Booktails from the Potions Library, with Mixologist Lindsay Merbaum

Taste the magic of Wayetu Moore’s “She Would Be King” with this sensual, aromatic cocktail

A cocktail filled with ice in front of the blue cover of Wayetu Moore’s “She Would Be King” novel.

In Wayétu Moore’s novel She Would Be King, a mysterious power draws three extraordinary people together, as “Alike spirits separated at great distances will always be bound to meet, even if only once; kindred souls will always collide; and strings of coincidences are never what they appear to be on the surface, but instead are the mask of God.” June is bullet-proof, with superhuman strength; Norman may, under the right circumstances, disappear into thin air. Lastly, a strikingly beautiful, cursed “witch” named Gbessa (pronounced “Bessa”) cannot die because she possesses the power of life. Traveling alongside a ghost, who periodically summons or urges on the protagonists, the story journeys to Virginia, Jamaica, and finally the colony of Monrovia, culminating in the foundation of the nation of Liberia. But what is freedom, the novel asks, in a world built by colonization and enslavement, maintained through institutionalized racism and patriarchal control? 

She Would Be King is an odyssey of friendship, love, and suffering, set against the backdrop of a country’s painful birth. Exploring the overlap of racism, sexism, and classism, the novel weaves magic with its language, juxtaposing the poetic and spiritual perspective of the integral, omnipresent supernatural against colonized Christian “reality.”  

This recipe is easy to execute, though it requires a little patience and forethought. In honor of fufu, sweet potato-infused vodka serves as the base. Fufu is a ubiquitous, varied, and starchy staple that accompanies soups and stews in West Africa and beyond,  a comfort food shared with June and Norman at a pivotal moment. The mild, aromatic vodka is combined with sour tamarind and smooth coconut water, a reference to June and Norman’s meeting in the jungle, where they eat fresh tamarinds, catch fish, and collect coconuts to drink, or to use as cups. Likewise, Norman falls for a captivating and ill-fated villager who smells deliciously like fresh coconut and mint. Coconut also honors the Maroon women and their nets made from coconut leaves. Mango syrup is included for the mangoes enjoyed by the wealthy families in Gbessa’s village. In a time of danger and uncertainty, Gbessa’s mother nourishes her with cooked fish, rice, and ripe mangoes.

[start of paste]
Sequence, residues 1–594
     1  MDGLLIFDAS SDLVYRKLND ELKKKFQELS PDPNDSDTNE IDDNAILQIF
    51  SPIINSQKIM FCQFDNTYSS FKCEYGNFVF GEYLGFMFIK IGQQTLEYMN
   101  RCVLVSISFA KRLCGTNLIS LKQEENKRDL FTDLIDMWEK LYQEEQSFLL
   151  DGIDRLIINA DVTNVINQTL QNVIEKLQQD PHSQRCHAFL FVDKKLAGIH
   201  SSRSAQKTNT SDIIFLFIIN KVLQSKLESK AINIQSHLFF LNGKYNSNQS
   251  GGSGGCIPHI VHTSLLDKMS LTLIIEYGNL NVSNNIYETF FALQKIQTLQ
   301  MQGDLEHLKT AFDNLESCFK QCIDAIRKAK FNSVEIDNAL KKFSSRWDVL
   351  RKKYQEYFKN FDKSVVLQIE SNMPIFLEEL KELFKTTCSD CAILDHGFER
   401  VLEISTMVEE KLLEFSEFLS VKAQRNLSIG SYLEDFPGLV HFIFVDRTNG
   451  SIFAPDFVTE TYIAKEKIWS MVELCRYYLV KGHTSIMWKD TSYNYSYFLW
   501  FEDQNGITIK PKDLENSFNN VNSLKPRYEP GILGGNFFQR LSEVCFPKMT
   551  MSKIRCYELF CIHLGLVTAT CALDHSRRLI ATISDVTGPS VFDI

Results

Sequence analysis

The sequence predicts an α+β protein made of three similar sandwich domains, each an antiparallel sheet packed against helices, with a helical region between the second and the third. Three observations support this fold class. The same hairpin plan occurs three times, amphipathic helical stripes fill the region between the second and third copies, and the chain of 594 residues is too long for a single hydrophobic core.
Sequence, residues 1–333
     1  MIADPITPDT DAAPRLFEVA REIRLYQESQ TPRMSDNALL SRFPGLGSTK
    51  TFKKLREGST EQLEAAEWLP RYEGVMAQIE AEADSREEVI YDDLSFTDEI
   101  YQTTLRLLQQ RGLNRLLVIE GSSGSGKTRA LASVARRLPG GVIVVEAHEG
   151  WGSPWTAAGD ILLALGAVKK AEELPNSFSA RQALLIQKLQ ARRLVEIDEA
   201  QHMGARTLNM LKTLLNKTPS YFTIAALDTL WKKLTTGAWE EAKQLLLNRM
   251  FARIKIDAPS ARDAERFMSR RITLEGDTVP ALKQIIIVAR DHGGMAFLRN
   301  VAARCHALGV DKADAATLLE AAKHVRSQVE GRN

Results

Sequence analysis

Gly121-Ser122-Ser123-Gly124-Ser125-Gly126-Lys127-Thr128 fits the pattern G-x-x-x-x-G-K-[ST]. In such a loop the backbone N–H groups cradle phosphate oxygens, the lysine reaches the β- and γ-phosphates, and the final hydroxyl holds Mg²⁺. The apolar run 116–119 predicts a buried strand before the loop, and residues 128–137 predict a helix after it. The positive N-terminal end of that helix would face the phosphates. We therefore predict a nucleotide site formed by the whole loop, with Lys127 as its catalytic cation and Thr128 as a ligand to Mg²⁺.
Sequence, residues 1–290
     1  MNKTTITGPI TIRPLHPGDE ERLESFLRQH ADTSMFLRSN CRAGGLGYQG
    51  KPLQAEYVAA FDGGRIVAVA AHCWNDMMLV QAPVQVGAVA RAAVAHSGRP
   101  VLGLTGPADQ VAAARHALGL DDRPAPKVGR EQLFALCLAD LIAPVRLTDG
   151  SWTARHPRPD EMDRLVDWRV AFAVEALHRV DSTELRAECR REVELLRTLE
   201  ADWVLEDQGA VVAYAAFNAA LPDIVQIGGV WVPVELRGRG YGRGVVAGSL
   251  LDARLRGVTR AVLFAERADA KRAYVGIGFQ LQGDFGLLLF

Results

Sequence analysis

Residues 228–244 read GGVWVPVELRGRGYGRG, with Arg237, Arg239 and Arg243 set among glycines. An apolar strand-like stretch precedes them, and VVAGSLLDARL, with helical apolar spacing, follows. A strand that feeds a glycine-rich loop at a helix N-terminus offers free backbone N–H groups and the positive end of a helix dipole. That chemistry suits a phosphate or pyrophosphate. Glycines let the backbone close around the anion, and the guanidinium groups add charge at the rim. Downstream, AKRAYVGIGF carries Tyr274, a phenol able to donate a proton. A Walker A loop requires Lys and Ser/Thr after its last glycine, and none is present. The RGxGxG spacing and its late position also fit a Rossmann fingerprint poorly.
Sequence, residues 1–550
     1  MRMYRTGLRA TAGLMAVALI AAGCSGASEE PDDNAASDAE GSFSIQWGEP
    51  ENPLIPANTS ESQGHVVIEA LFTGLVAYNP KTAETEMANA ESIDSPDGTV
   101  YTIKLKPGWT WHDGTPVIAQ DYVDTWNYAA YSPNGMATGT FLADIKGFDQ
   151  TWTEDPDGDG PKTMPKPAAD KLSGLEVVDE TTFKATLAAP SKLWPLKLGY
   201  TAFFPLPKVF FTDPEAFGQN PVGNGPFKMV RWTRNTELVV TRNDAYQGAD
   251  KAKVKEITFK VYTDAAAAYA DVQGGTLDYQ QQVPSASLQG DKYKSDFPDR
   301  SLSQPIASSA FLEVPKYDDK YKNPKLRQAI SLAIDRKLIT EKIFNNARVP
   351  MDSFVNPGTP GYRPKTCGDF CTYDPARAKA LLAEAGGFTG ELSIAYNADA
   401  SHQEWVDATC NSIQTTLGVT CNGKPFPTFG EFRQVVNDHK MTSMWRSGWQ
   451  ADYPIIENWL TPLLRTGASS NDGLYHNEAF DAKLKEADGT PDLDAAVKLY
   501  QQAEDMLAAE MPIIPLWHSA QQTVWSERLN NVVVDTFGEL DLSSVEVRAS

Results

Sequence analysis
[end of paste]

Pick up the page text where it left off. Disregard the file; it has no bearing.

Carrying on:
This booktail is presented against a split backdrop: reflective blue and sparkling gold, which complement the book’s abstract and dynamic cover. On the left, a blue mirage mimics an ocean horizon, the overall effect conjuring a beach on a distant shore, complete with craggy rock cliffs. In contrast, the flat yet textured gold on the right evokes riches, royalty, and magic. The cocktail appears in front of the book, atop a mirrored base. It’s served in a tall, icy glass, garnished with fresh mint and a blue patterned paper straw. Scattered about are pops of yellow and orange–marigolds for Norman’s mother and the “untamed yellows” present throughout the novel.  

She Would Be King


  • Vodka
  • 2 large sweet potatoes 
  • 2 oz sweet potato-infused vodka 
  • 1 oz coconut water
  • 1.5 oz mango syrup
  • 2 tsp tamarind paste
  • Mint garnish 


Wash, peel, and cut the sweet potatoes into large chunks. Place in a large jar and fill with vodka, until the potatoes are submerged. Seal and shake, then set in a cool, dry place for 4-5 weeks. Shake the jar once a day. The vodka will turn a light golden color. Once the liquor is ready, add all liquid ingredients to a shaker, along with a large ice cube. Agitate vigorously for about 20 seconds, then strain into a tall glass filled halfway with crushed ice. Garnish with fresh mint. 

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